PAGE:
The Letters of Horace Walpole, Earl of Orford — Volume 4 eBook

This eBook from the Gutenberg Project consists of approximately 1,055 pages of information about The Letters of Horace Walpole, Earl of Orford — Volume 4.
all accessory to the poor lad’s catastrophe; and then, with most sensitive nerves, is shocked to death, and finds me guilty of it, for having, after it happened, dropped, that had he lived he might have fallen into more serious forgeries, though I declare that I never heard that he did.  To be sure, no Irishman ever blundered more than to accuse one of an ex post facto murder!  If this Hibernian casuist is smitten enough with his own miscarriage to preserve it in a magazine phial, I shall certainly not answer it, not even by this couplet which is suggested: 

So fulsome, yet so captious too, to tell you much it grieves me, That though your flattery makes me sick, your peevishness relieves me.

Adieu, my good Sir.  Pray inquire for your books, if you do not receive them:  they go by the Cambridge Fly.

Letter 247 To The Rev. Mr. Cole.  Berkeley Square, June 1, 1782. (page 313)

I thank you much, dear Sir, for your kind intention about Elizabeth of York;. but it would be gluttony and rapacity to accept her:  I have her already in the picture of her marriage,(478) which was Lady Pomfret’s; besides Vertue’s print of her, with her husband, son, and daughter-in-law.  In truth I have not room for any more pictures any where; yet, without plundering you, or without impoverishing myself, I have supernumerary pictures with which I can furnish your vacancies; but I must get well first to look them out.  As yet I cannot walk alone; and my posture, as you see, makes me write ill.  It is impossible to recover in such weather—­never was such a sickly time.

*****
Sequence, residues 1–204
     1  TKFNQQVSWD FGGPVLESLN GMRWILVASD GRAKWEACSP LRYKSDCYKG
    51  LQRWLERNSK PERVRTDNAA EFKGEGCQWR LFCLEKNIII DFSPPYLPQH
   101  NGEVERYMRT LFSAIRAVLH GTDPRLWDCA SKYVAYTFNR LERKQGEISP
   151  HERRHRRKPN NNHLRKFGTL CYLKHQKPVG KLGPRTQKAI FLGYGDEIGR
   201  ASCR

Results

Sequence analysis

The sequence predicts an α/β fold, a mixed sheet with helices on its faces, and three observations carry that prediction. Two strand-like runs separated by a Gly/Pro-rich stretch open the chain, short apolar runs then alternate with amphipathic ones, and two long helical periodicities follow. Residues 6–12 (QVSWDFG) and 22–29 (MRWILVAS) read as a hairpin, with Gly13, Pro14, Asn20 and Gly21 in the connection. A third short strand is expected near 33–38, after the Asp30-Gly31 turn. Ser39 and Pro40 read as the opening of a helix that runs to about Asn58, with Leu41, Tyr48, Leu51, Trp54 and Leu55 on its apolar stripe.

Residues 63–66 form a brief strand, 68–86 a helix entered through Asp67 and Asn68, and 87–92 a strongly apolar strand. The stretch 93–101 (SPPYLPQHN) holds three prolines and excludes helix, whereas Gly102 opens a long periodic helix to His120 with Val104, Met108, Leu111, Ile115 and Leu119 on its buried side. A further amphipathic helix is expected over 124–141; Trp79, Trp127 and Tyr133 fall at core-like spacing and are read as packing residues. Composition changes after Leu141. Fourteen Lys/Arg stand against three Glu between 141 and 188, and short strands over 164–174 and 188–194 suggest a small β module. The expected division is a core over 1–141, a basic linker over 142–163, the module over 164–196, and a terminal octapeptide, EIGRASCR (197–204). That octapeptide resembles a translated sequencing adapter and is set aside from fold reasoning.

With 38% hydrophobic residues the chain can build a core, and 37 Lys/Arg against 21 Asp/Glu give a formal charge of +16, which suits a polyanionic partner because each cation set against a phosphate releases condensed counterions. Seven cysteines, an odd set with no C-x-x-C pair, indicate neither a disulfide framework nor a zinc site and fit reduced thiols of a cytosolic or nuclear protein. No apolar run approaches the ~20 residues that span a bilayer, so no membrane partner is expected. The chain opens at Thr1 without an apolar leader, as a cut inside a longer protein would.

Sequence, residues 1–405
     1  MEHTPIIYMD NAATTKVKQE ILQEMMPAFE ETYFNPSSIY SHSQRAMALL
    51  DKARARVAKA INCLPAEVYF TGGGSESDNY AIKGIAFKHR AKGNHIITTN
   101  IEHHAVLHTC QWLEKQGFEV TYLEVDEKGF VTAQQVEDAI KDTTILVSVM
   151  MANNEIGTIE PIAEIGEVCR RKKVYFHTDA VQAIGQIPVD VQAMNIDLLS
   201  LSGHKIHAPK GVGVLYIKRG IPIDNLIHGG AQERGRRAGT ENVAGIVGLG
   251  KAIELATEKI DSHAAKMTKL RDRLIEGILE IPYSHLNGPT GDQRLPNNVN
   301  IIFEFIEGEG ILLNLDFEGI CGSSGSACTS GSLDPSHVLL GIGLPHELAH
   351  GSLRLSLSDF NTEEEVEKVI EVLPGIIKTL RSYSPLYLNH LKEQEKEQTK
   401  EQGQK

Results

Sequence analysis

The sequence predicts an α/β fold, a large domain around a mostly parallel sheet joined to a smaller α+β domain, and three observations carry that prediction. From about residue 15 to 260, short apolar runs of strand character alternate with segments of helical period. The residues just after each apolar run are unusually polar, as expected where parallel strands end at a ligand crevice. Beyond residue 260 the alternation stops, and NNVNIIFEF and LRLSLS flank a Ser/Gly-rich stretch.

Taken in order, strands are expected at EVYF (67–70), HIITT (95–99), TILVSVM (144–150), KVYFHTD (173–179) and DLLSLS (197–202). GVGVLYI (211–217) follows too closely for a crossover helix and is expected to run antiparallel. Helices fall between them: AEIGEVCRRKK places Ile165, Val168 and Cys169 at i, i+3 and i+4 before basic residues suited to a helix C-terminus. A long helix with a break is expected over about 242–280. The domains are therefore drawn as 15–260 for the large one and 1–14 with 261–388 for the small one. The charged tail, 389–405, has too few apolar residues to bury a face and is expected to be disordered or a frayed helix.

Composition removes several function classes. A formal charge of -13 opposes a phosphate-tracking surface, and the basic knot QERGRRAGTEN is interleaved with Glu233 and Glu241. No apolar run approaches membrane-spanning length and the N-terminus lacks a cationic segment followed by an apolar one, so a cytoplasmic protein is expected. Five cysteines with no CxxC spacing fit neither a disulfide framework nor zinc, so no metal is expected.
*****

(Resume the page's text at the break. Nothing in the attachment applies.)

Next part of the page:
I have not yet seen Bishop Newton’s life.  I will not give three guineas for what I would not give threepence, his Works; his Life,(479) I Conclude, will be borrowed by all the magazines, and there I shall see it.

I know nothing of Acciliator—­I have forgotten some of my good Latin, and luckily never knew any bad; having always detested monkish barbarism.  I have just finished Mr. Pennant’s new volume, parts of which amused me; though I knew every syllable, that was worth knowing before, for there is not a word of novelty; and it is tiresome his giving such long extracts out of Dugdale and other common books, and telling one long stories about all the most celebrated characters in the English history, besides panegyrics on all who showed him their houses:  but the prints are charming; though I cannot conceive why he gave one of the Countess of Cumberland, who never did any thing worth memory, but recording the very night on which she conceived.

“The Fair Circassian” was written by a Mr. Pratt, who has published several works under the name of Courtney Melmoth.(480) The play might have been written by Cumberland, it is bad enough.  I did read the latter’s coxcombical Anecdotes,(481) but saw nothing on myself, except mention of my Painters.  Pray what is the passage you mean on me or Vertue?  Do not write on purpose to answer this, it is not worth while.

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The Letters of Horace Walpole, Earl of Orford — Volume 4 from Project Gutenberg. Public domain.
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